Rushing Relentlessly (A Guide to Zerg vs Zerg)
Hello Everyone! I’m very excited to present a strategy guide on my best and favorite matchup: ZvZ.
If you’ve played or watched any ZvZ, you likely know that it’s a fast-paced, explosive matchup – the majority of games end quite early with one or two base play. I’m sure most of us have been involved in those infamous (arguably annoying) Ling/Baneling wars, and experienced the excruciating pain after looking away from your army for a split second, only to return to see all your units have died to 1 baneling.
As a result of these silly ling-baneling battles, and the overall dynamic of the matchup, ZvZ just feels flimsy for a lot of players – many describe it as a coinflip or rock/paper/scissors. So many players just do the one base, 14/14 baneling all-in, early pool rushes, or the Destiny style Roach/Ling all-in. Obviously these styles can win you games, but it’s very one-dimensional and not likely to help you improve. It will please you to know that this guide will focus on a banelingless style of ZvZ, using well-planned timing attacks to secure map control while you drone and prepare another timing attack. Even if you’re a macro player, the most important concept to take away from this guide is droning with map control as opposed to droning blindly.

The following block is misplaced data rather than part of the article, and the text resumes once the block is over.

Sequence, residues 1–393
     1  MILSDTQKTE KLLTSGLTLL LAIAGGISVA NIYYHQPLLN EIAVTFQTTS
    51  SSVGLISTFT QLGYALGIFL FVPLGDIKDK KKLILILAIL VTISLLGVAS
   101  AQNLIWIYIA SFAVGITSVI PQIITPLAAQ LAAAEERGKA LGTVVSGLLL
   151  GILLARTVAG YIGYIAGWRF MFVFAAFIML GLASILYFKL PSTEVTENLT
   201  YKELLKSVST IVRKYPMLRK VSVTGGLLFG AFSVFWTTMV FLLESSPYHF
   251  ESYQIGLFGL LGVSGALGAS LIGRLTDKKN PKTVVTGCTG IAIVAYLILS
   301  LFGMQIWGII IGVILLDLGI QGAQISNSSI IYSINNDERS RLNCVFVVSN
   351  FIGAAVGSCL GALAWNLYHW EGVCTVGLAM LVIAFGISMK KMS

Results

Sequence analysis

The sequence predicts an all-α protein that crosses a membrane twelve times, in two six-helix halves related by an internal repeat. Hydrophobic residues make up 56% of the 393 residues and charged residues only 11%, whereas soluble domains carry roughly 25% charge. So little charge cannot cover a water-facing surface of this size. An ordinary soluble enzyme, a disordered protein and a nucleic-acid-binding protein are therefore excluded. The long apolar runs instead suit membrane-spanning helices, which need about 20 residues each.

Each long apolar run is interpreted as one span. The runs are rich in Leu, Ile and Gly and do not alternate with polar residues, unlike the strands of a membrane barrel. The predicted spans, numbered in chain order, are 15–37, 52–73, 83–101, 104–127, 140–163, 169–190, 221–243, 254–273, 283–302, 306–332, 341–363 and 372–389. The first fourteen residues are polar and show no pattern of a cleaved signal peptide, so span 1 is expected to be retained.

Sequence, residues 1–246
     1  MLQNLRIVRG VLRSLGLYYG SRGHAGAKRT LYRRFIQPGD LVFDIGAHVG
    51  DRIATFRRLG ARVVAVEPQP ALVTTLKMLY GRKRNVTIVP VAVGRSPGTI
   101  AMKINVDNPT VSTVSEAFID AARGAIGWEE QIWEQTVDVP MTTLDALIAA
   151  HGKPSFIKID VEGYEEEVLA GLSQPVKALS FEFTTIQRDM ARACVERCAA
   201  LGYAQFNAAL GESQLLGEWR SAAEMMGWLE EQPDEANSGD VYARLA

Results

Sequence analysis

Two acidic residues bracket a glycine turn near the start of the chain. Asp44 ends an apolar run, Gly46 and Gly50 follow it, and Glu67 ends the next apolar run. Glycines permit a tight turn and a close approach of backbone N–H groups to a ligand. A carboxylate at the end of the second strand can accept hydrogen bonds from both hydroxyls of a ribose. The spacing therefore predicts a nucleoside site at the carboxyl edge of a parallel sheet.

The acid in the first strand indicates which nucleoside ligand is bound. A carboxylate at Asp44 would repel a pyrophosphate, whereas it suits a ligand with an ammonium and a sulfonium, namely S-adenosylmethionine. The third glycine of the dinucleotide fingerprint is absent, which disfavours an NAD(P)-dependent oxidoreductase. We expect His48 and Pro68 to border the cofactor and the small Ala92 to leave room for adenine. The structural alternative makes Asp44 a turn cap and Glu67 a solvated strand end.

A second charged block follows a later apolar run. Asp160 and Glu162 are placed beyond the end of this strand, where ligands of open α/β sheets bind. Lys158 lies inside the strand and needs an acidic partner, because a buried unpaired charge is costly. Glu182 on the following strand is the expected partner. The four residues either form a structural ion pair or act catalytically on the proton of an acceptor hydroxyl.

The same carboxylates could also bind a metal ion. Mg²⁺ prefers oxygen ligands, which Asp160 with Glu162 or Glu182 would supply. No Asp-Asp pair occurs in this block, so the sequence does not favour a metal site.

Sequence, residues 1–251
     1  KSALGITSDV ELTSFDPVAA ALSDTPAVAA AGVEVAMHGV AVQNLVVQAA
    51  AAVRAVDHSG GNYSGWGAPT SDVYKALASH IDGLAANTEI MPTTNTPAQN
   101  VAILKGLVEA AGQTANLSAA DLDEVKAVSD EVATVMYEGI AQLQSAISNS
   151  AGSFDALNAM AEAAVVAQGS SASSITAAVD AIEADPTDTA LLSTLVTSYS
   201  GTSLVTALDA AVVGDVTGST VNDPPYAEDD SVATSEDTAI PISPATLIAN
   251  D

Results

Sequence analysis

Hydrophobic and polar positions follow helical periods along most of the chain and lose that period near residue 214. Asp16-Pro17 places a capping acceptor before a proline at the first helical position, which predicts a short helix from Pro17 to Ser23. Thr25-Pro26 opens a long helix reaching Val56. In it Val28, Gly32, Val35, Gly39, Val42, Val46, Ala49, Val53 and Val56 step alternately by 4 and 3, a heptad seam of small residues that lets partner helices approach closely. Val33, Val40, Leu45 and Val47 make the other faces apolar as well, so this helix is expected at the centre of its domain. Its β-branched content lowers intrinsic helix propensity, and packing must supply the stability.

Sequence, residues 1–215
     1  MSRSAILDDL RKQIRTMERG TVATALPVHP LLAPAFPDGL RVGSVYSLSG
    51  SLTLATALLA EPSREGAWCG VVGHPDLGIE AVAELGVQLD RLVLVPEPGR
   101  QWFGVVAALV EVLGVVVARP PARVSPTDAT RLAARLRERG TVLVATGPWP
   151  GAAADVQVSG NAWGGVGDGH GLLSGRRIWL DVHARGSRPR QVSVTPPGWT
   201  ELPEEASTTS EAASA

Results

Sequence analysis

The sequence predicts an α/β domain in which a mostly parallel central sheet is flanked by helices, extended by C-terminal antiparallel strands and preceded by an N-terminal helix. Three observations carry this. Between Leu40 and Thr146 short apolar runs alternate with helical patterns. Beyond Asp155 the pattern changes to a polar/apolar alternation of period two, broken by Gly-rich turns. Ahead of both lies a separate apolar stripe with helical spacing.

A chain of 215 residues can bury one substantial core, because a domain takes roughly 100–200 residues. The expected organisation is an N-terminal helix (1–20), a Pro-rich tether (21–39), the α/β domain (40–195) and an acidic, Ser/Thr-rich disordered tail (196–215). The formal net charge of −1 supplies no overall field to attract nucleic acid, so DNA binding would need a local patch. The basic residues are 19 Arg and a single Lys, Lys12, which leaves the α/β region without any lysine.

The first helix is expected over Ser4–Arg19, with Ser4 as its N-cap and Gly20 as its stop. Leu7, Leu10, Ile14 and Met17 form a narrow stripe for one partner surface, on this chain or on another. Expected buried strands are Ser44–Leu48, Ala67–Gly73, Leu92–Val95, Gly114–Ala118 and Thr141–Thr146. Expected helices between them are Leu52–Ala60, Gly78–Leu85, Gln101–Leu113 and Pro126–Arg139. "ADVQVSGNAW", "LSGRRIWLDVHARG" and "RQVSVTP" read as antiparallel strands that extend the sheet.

You can do this by utilizing 2 highly-optimized timing attacks:
6Min – 42 Speedling Timing Attack
9Min – 7Roach/50+Ling Push
You’ve all probably guessed why I love this matchup: it’s my mindset that You cannot be too aggressive in ZvZ. I’ve never heard a player say “I need to play more passive in ZvZ, I think I’d win more.” No, I want you to be as relentless as possible and if you start losing the occasional game by attacking too much, you should pat yourself on the back and say “That was good, but next time I’ll attack more.” Aggression thrives in ZvZ and choosing the right build order and unit composition is an essential first step. In this guide I’ll provide the build order, timings, and execution I’ve used to turn a matchup many consider to be a “flimsy, rock-paper-scissors, coinflip” into a near-lock.
And even if you don’t fancy yourself a particularly aggressive player, you’ll see that taking the initiative and attacking first can often present you with opportunities to drone and secure advantages.
Click Here to read the rest of this article on Team Liquid.